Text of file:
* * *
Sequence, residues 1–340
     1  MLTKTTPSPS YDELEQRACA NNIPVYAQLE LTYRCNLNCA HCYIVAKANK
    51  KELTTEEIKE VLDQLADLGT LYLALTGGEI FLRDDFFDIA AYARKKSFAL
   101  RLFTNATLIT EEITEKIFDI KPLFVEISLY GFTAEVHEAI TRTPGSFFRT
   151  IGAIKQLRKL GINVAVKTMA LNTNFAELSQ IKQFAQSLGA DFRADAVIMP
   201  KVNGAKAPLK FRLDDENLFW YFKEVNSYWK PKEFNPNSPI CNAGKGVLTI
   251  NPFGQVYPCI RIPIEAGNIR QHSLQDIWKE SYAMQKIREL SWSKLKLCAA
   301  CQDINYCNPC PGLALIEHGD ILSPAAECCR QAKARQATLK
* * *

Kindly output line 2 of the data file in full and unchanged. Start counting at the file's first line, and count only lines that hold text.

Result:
     1  MLTKTTPSPS YDELEQRACA NNIPVYAQLE LTYRCNLNCA HCYIVAKANK